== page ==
It’s easy to become self-satisfied when I hear murmurings with negative tones about shopping crusades and I agree. The truth is, I know many people whose joy on this day are the deals that they discovered on their shopping frenzies. For many, it seems that the hype, lines, crowds and stampedes of this day are fun and exciting like sports events. It’s hard to appreciate all this, instead I become grateful for Buy Nothing Day campaigns. I can become angry about how people choose insanity. When anger enters in, though, love seems to leave.
In my classroom there is a sign: “If you must have an attitude, have an attitude of gratitude.” In reality, gratitude is tough. The problems of the world glare at me, and it becomes hard to have a grateful heart. When I notice people doing things wrong, I can quickly become judgmental, crabby, and angry. When consumerism and materialism seem to be creating spiritual and social disasters, I have trouble appreciating any type of craze that supports it. When oppression corrodes at the dignity of those whom I love, my heart rarely has room left for gratitude.
A wise sister in my community has told me that when there is a temptation to be judgmental, gratitude is the quickest remedy. Once gratitude enters in, she says, all else has to go out.
Once gratitude enters in, I’ll have no choice but to know love. That love can’t be bought or sold. I’ll have to give it away, and with that it’s the gift that just keeps giving.
You’ve probably heard the saying: “Live simply so others may simply live.” Different sources credit the phrase to different wise people, like St. Francis of Assisi and Mother Theresa. Either way, it’s a good mantra and the saying totally carries weight.
Lately a new, yet similar saying has been rattling around in my consciousness: “Live simply so communities can simply survive.” It’s not as poetic but I think it’s just as true and powerful. Plus, I made it up (I think) so that adds to its awesomeness. Just kidding!
Anyway, in my recent summer adventures I have been encountering this simplicity truth in a variety of ways. It’s not new stuff to me; I think about it lot. The circumstances of life, however, just really seem to rub my face in my convictions sometimes.
Last week while I was working with the Peacebuilders Initiative I was blessed to accompany a group of teens on their ministry site visits to the White Rose Catholic Worker here in Chicago. My friends at the White Rose totally seem like ordinary Christians to me. They dumpster dive, grow and preserve their food, give things away freely, advocate for justice, pray a lot, share everything (including their home with strangers) and compost and recycle all their waste. Yet, the teens kept talking about this way of life as foreign to them. It was a reminder to me how my preferred way of life (service combined with sustainability mixed into activism, grounded in good Catholic prayer) is actually quite radical.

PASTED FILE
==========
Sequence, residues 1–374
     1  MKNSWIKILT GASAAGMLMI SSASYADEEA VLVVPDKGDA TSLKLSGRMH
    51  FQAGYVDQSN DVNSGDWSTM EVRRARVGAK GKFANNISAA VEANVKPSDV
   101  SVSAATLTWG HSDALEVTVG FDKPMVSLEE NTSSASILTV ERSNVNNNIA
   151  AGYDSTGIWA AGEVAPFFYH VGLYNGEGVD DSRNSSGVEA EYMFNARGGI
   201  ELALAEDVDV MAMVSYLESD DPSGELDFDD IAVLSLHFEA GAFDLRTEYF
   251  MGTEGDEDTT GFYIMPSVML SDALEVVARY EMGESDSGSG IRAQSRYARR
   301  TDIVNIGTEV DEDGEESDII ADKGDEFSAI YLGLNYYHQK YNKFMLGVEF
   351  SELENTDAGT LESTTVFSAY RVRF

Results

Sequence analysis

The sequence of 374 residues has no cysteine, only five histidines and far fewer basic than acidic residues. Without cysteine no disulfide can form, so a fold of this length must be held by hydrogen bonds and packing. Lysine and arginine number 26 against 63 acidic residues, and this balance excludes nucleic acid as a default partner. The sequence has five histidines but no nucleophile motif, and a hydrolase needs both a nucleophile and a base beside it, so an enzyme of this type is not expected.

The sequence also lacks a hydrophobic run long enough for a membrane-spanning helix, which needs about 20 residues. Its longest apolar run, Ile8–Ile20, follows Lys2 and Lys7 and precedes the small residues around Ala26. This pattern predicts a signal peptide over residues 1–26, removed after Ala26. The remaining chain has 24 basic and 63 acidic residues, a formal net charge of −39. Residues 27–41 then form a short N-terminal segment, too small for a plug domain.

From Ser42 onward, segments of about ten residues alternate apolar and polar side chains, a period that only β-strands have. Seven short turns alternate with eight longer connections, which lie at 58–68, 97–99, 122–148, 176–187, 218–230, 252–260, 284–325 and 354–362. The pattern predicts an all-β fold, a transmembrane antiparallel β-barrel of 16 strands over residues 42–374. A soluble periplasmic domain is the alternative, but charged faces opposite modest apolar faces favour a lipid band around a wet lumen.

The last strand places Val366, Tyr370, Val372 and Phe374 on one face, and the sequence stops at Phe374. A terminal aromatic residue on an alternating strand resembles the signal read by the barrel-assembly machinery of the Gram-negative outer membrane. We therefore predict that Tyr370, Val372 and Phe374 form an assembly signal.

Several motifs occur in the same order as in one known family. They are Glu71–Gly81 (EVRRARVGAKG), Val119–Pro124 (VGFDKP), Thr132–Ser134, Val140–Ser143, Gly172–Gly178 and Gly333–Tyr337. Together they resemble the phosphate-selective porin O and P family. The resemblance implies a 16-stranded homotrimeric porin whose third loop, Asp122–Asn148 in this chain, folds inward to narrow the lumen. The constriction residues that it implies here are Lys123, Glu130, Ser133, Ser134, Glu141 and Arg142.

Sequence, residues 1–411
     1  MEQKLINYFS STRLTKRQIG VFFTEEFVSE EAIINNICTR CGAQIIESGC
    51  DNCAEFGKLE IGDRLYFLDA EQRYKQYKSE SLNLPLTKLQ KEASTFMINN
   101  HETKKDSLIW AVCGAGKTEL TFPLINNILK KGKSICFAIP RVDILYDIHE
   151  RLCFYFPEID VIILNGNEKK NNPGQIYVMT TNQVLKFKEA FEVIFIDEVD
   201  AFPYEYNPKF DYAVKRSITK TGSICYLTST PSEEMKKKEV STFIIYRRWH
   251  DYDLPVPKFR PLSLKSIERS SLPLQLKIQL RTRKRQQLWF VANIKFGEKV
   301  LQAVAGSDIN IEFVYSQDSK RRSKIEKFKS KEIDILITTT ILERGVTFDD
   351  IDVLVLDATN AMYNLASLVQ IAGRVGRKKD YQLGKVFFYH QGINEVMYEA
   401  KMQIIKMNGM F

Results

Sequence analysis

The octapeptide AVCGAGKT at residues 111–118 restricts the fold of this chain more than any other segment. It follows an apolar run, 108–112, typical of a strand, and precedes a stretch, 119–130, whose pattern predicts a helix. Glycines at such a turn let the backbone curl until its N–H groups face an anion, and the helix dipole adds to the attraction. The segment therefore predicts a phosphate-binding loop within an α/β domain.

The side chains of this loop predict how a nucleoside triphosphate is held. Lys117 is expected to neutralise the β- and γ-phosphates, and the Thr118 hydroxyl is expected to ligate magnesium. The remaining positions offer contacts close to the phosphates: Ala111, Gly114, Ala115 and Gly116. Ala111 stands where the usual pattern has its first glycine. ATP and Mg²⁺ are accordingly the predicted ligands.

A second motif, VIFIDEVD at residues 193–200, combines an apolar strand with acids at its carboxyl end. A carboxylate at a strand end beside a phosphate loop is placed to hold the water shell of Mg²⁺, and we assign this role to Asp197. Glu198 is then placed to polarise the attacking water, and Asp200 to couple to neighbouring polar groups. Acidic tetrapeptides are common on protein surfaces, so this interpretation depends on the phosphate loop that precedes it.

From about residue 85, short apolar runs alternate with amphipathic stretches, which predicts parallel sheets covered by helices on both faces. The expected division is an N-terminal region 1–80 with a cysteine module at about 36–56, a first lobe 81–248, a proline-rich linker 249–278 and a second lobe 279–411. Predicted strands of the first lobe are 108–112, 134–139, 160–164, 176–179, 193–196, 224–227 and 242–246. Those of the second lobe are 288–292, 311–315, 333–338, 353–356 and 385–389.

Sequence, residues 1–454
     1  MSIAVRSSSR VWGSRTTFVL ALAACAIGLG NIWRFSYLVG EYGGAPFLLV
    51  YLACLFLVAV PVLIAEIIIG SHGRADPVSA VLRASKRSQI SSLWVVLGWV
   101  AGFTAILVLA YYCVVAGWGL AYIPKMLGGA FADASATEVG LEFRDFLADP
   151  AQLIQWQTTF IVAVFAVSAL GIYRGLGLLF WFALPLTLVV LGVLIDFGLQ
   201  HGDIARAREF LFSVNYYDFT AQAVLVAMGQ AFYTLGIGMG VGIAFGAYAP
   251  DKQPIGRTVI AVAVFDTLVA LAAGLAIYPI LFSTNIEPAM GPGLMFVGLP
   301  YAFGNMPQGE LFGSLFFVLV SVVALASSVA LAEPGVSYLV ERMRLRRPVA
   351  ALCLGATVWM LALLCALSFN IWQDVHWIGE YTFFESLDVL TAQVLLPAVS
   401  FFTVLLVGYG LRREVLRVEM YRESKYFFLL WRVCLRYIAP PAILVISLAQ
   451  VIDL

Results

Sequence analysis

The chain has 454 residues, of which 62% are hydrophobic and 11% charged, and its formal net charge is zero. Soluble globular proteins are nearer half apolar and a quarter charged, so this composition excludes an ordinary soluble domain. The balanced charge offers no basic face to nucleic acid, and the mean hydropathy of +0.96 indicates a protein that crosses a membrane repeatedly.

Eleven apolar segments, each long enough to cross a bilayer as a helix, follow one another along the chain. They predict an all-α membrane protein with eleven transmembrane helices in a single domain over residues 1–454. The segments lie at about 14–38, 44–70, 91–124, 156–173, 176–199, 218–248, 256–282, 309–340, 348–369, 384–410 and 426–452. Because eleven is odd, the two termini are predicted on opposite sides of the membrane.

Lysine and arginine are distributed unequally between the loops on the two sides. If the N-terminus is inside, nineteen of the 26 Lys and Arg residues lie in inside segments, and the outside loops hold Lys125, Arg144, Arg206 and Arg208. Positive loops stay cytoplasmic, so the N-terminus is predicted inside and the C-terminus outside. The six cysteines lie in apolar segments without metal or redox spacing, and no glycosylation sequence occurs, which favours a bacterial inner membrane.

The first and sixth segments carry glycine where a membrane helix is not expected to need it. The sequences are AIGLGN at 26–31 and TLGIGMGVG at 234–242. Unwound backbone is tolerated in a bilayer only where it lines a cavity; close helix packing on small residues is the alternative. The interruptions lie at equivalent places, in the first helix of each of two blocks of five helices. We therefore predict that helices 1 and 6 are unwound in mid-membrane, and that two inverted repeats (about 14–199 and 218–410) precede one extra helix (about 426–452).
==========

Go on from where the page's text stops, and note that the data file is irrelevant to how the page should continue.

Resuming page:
Sometimes I forget how my vocation and passions have made me into a counter-cultural creature. The thing is though, my consciousness doesn’t really make it into an option for me, but a necessity. There’s a fire in my belly that burns me right into action. I live the way I do- and am always seeking to increase my sustainability and simplicity- because it seems to me to be the way we need to live.
When the Peacebuilders and I visited my Catholic Worker friends last week, their community did a really terrific job of organizing programming and hands-on actions in order to help the teens gain an foundational understanding about why people choose to live simply as they do.
One day we watched this video together and discussed how environmentalism is intertwined with Gospel living:
The video left me feeling embarrassed for a variety of reasons. It feels overwhelmingly inevitable that I cooperate with the systemic injustices related to consumerism. I don’t mean to, I don’t want to. I just seems to happen, I’m sorry. (I feel like a whiner as I confess this sin, blah!)
But then, I know about alternatives to cooperating with the mainstream. And I try to choose them as much as possible. Some of the most basic ways to live simply have to do with food.
My friends at the Catholic Worker House took our Peacebuilder group to their organic farm for some good-old-fashioned labor last week and I was overjoyed (seriously!) to be placing composted manure around plants and weeding veggies. I was also amazed while I heard the teens say that they had never done anything like it before. Again, I was reminded that it is sort of a radical thing to grow one’s own food now days.
Then, on Tuesday of this week I was was again doing labor and bonding with Earth. I helped my sister box up veggies from her farm for her CSA business. As we weeded, harvested, packaged and delivered foods to people in her community I couldn’t help but think the whole thing felt sort of silly- we were working so hard to feed people who also had good land to grow food. My sister echoed my thoughts as we drove around (and wasted fuel) and made deliveries. She said she’d welcome competition and wishes that CSAs were more ordinary, as it is necessary for us to develop community through local economies. In the same way, I prefer that we’d revert to a culture of neighbors creating hand-made crafts and food for each other. The earth seems to be begging for it.
Let’s do it, Christians. Let’s free ourselves from bills and material abundance, and live simply so that we are closer to the earth and our neighbors. Let’s build community by sharing in the responsibility of sustainability. Let’s live life to the fullest and love one another. The bible tells us to, plus our brothers and sisters far and near need us to help build their communities, not harm them.
As my sister, the farmer, said here, eating food (like all simple actions) is something that connects as a community, no matter where live. So, let’s connect by living simply. God help us, Amen.